Complete python code is available on my Github.

Let’s jump into it 😏

# 1. Import data from Google Drive

Load in the `csv`

file from my Google Drive and save into a Pandas data frame.

# Code to read csv file into Colaboratory:!pip install -U -q PyDrivefrom pydrive.auth import GoogleAuthfrom pydrive.drive import GoogleDrivefrom google.colab import authfrom oauth2client.client import GoogleCredentials------# Authenticate and create the PyDrive client.auth.authenticate_user()gauth = GoogleAuth()gauth.credentials = GoogleCredentials.get_application_default()drive = GoogleDrive(gauth)

In the process of importing the `csv`

file from Google Drive, you need to enter the file `ID`

. Look at the 3rd method introduced here if you’d like to learn the details.

#you need to enter your file idid = '1grwIZR_LdcdyirULSoJ_VFhtuPpv00AB'----

downloaded = drive.CreateFile({'id':id})downloaded.GetContentFile('Filename.csv')----

data = pd.read_csv('Filename.csv')# Dataset is now stored in a Pandas Dataframe

Our data has **284,807 records in 31 columns** out of which 30 columns encompass independent variables which theoretically explain the changes in our dependant variable. In our scenario, dependant variable is a binary column to show whether a transaction was fraudulent or genuine.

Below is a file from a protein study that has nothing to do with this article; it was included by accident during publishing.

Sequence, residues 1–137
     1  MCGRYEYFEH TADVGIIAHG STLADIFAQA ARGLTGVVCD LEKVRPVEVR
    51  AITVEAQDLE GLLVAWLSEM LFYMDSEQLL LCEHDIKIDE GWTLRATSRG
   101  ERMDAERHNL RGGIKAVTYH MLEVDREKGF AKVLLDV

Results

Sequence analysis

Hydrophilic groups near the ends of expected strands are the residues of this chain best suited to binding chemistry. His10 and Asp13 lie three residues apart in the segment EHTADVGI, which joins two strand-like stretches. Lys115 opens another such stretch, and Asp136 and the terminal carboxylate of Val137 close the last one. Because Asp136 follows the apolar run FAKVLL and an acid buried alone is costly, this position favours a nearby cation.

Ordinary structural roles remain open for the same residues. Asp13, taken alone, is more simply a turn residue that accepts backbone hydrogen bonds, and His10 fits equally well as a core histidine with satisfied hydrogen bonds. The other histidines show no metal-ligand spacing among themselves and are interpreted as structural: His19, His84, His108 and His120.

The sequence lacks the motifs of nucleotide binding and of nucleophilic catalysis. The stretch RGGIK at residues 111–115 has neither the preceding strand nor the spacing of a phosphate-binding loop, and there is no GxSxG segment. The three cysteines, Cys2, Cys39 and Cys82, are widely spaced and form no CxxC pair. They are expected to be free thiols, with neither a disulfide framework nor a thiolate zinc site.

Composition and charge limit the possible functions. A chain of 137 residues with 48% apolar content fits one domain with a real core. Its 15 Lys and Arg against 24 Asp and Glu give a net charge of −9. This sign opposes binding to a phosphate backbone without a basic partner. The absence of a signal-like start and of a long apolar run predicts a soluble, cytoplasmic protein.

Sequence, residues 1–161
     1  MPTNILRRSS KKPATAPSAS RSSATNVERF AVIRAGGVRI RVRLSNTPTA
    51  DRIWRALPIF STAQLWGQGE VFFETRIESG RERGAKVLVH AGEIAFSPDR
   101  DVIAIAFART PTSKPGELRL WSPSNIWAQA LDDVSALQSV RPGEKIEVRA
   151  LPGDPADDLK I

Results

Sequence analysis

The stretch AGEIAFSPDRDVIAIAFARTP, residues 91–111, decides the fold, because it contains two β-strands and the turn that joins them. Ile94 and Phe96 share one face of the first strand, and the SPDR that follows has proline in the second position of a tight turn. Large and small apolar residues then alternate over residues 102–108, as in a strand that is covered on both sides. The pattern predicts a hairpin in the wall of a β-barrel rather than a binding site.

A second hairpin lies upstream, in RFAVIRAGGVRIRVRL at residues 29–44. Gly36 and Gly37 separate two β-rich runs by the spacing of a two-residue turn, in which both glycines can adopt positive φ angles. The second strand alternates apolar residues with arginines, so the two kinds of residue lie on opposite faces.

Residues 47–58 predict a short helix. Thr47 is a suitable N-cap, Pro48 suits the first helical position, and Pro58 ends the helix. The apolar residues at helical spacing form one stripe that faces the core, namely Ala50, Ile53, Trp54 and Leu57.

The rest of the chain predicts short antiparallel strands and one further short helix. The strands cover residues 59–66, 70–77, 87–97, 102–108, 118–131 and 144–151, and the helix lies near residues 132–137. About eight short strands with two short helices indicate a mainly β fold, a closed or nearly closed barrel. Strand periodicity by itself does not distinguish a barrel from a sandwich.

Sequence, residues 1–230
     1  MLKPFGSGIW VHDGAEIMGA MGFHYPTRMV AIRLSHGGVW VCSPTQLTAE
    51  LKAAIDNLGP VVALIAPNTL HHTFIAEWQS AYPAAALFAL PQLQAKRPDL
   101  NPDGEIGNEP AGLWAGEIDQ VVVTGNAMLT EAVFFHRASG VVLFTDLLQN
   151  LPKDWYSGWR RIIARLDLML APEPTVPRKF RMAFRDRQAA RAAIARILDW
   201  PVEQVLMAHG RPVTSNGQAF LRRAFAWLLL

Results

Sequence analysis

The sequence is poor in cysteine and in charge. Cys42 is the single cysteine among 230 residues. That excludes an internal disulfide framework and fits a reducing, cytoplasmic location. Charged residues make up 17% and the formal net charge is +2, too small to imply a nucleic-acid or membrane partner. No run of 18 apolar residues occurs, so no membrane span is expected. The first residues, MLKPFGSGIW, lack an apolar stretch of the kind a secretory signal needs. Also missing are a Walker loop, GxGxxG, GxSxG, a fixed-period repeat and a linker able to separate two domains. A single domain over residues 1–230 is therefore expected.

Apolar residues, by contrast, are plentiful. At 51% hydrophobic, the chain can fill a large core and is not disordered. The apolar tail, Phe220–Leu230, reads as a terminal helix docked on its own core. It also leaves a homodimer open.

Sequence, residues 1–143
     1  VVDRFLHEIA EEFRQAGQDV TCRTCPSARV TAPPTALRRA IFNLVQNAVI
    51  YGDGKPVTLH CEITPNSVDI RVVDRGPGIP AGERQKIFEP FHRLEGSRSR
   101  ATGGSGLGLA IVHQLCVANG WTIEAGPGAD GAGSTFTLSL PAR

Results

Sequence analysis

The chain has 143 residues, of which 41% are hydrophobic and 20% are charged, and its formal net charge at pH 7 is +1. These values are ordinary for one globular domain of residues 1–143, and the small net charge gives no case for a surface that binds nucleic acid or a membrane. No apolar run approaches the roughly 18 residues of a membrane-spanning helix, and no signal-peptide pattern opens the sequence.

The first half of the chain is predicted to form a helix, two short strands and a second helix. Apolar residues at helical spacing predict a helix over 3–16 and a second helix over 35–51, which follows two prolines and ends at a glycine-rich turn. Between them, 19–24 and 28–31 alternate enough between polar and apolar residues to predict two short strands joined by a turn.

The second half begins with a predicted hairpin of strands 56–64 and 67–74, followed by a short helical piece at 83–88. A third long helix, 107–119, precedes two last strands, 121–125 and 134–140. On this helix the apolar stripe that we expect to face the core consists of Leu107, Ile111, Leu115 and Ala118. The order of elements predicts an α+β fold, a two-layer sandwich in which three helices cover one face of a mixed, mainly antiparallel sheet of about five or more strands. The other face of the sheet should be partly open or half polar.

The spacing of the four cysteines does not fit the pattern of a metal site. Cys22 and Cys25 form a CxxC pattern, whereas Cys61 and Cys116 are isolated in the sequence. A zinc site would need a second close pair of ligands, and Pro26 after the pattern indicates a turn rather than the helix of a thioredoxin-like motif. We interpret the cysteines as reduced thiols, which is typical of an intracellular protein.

Based on the data description (image below), there’s a variety of ranges in our data set. As a result, Data Normalisation is required to change the values of numeric columns in the dataset to a common scale.

# 2. Scaling the data frame

I separated dependant variable from independent variables. Remember that normalisation is only done on independent variables.

X_data = data.iloc[:,0:30]y_data = data.iloc[:,-1]

… and then, used **Standard Scaler** to normalise** training** dataset.

standard_scaler = preprocessing.StandardScaler()X_standard_scaled_df = standard_scaler.fit_transform(X_data)

# 3. Feature Extraction

Obviously in ML algorithms you are dealing with the variance-bias trade-off and it’s always a challenge to overcome overfitting problem. I used a couple of methods and found out **Principal Component Analysis** contributed to the best output in terms of dealing with the trade-off.